The Upanishads     110 posts


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Dissolve the self in the supreme Self as the pot-space is dissolved in infinite space; then, as the Infinite be silent for ever.

~ Adhyatma Upanishad

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As is one’s desire, so is one’s destiny. For, as our desire is, so is our will; as our will is, so is our deed; and as our deed is, so is our reward, whether good or bad.

BRIHADARANYAKA UPANISHAD

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Both the good and the pleasant present themselves before man. The wise (intelligent) one examines them well and discriminates between them. He prefers the good to the pleasant. The dull one chooses the pleasant out of greed (to acquire more) and desire (to protect what he has)

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When all the desires clinging to one’s heart fall off , then a mortal becomes immortal and attains Brahman here.

KATHA UPANISHAD

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When a wise man has withdrawn his mind
from all things without, and when
his spirit has peacefully left all inner sensations'
let him rest in peace, free from the movement of will and desire. ...
For it has been said:
There is something beyond our mind
which abides in silence within our mind.
It is the supreme mystery beyond thought.
Let one's mind and subtle spirit rest upon that and nothing else.

When the mind is silent, beyond weakness and distraction,
then it can enter into a world which is far beyond the mind:
the supreme Destination. ...
Then one knows the joy of Eternity.

~ Maitri Upanishad, VI.19-23

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Each wave in the brain that says "I" and "mine" immediately puts a chain around us and makes us slaves, and the more we say "I" and "mine" more our slavery, the greater our misery. Therefore, the Karma-yoga advises us to enjoy the beauty of all things in the world, but not to identify with any of them.

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You cannot see the seer of seeing; you cannot hear the hearer of hearing; you cannot think the thinker of thinking; you cannot know the knower of knowing. This is your Self that is within everything. What is other than this is suffering.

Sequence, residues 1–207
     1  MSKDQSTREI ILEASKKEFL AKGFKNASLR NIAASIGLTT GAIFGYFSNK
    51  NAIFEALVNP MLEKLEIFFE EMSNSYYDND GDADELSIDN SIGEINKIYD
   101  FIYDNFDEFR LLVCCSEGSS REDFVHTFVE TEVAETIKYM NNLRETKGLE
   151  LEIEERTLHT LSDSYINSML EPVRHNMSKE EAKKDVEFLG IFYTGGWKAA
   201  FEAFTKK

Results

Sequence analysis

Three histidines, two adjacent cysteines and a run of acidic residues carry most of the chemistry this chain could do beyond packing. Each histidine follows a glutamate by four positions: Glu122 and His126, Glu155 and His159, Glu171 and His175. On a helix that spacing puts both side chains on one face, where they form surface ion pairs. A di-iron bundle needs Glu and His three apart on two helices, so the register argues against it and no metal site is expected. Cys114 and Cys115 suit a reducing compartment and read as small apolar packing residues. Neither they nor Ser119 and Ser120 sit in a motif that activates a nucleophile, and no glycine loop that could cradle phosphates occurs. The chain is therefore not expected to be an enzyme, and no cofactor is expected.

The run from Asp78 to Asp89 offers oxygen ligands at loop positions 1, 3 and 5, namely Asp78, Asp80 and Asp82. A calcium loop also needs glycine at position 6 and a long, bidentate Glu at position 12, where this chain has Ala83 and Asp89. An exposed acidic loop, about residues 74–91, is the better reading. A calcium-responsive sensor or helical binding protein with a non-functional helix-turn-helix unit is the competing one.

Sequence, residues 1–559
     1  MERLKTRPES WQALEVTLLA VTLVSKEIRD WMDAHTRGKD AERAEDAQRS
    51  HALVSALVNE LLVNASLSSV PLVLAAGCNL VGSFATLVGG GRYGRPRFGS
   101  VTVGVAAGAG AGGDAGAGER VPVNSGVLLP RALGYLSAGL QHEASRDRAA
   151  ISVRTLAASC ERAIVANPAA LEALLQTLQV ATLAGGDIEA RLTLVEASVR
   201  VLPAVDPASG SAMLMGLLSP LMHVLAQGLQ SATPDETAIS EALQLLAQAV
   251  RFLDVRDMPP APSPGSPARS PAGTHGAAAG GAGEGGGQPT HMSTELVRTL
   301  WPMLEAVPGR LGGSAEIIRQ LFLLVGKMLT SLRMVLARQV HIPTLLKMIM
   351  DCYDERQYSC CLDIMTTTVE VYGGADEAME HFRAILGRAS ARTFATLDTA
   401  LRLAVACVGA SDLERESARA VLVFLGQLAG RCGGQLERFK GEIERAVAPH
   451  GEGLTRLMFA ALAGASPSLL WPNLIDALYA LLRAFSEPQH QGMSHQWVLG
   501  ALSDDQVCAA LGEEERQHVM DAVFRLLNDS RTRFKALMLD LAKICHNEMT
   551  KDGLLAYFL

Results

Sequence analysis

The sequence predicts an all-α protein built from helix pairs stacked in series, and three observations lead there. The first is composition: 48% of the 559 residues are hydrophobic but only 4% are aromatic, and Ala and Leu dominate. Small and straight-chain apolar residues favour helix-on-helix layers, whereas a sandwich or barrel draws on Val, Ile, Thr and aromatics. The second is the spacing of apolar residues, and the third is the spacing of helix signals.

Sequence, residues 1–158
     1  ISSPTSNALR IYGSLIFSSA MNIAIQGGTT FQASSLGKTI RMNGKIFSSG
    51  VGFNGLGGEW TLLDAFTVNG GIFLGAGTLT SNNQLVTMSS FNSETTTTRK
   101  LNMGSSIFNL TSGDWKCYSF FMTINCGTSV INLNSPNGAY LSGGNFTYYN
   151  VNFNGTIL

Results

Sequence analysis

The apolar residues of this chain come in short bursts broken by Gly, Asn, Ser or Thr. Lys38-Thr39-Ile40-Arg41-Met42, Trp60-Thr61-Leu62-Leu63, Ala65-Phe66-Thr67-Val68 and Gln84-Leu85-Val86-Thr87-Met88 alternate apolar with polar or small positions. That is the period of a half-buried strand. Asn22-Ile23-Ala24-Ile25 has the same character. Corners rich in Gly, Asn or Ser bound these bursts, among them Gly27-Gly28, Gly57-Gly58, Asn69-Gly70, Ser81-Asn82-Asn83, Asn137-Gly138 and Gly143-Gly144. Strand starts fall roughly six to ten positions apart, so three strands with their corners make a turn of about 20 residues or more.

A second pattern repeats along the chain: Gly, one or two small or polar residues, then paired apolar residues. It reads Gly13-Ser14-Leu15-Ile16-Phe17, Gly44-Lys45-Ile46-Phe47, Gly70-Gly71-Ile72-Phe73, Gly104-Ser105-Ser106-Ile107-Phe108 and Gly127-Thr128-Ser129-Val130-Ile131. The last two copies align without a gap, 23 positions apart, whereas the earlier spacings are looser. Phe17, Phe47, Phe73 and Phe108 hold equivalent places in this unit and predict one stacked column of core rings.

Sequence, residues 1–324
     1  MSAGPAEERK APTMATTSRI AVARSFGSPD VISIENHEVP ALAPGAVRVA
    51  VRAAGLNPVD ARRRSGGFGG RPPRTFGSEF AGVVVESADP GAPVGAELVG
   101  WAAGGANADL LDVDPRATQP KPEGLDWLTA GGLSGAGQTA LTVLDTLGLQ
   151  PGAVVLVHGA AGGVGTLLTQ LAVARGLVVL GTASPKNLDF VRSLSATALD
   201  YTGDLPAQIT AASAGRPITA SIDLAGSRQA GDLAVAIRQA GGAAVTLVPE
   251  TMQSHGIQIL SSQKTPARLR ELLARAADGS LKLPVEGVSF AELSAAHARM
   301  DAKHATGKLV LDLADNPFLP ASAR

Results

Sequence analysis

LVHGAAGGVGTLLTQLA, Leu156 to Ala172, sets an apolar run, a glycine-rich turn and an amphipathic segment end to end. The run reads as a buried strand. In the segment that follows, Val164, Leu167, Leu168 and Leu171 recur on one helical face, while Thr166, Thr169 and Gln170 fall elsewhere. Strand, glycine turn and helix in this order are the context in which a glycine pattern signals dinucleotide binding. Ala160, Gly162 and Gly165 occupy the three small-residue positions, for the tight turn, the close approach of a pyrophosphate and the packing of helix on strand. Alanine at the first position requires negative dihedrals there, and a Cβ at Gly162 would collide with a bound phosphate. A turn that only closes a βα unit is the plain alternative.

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The little space within the heart is as great as the vast universe.
The heavens and the earth are there, and the sun and the moon and the stars.
Fire and lightning and winds are there, and all that now is and all that is not.

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The Entire world we see has it's source in Brahman, and who is the Brahman ?
You are the Brahman

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As is the human body, So is the cosmic body. As is the human mind, So is the common mind. As is the microcosm, So is the macrocosm. As is the atom, So is the universe.

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ON BREATH

“O Prana, lord of creation, thou as breath dwellest in the body.” (Prashna Upanishad 2.7)
“When one breathes, one knows him as breath.” (Brihadaranyaka Upanishad 1.4.7)
“Self-luminous is that Being, and formless. He dwells within all and without all. He is unborn, pure, greater than the greatest. From him is born the breath.” (Mundaka Upanishad 2.1.2,3) Since the breath rises from God, it can be resolved back into God.
“Breath is a part of Brahman.” (Chandogya Upanishad 4.9.3)
“The being who is the breath within–him I meditate upon as Brahman.” (Brihadaranyaka Upanishad 2.1.6)
“Breath is the Immortal One.” (Brihadaranyaka Upanishad 1.6.3)
“The breath is real, and He [Brahman] is the reality of the breath.” (Brihadaranyaka Upanishad 2.3.6)
“The shining, immortal person who is breath is the Self, is Brahman.” (Brihadaranyaka Upanishad 2.5.4)
“Which is the one God? The breath. He is Brahman.” (Brihadaranyaka Upanishad 3.9.9)
“They who know the breath of the breath…have realized the ancient, primordial Brahman.” (Brihadaranyaka Upanishad 4.4.18)
“The breath is the Supreme Brahman. The breath never deserts him who, knowing thus, meditates upon it. Having become a god, he goes to the gods.” (Brihadaranyaka Upanishad 4.1.3)

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There is only one Self in all creatures.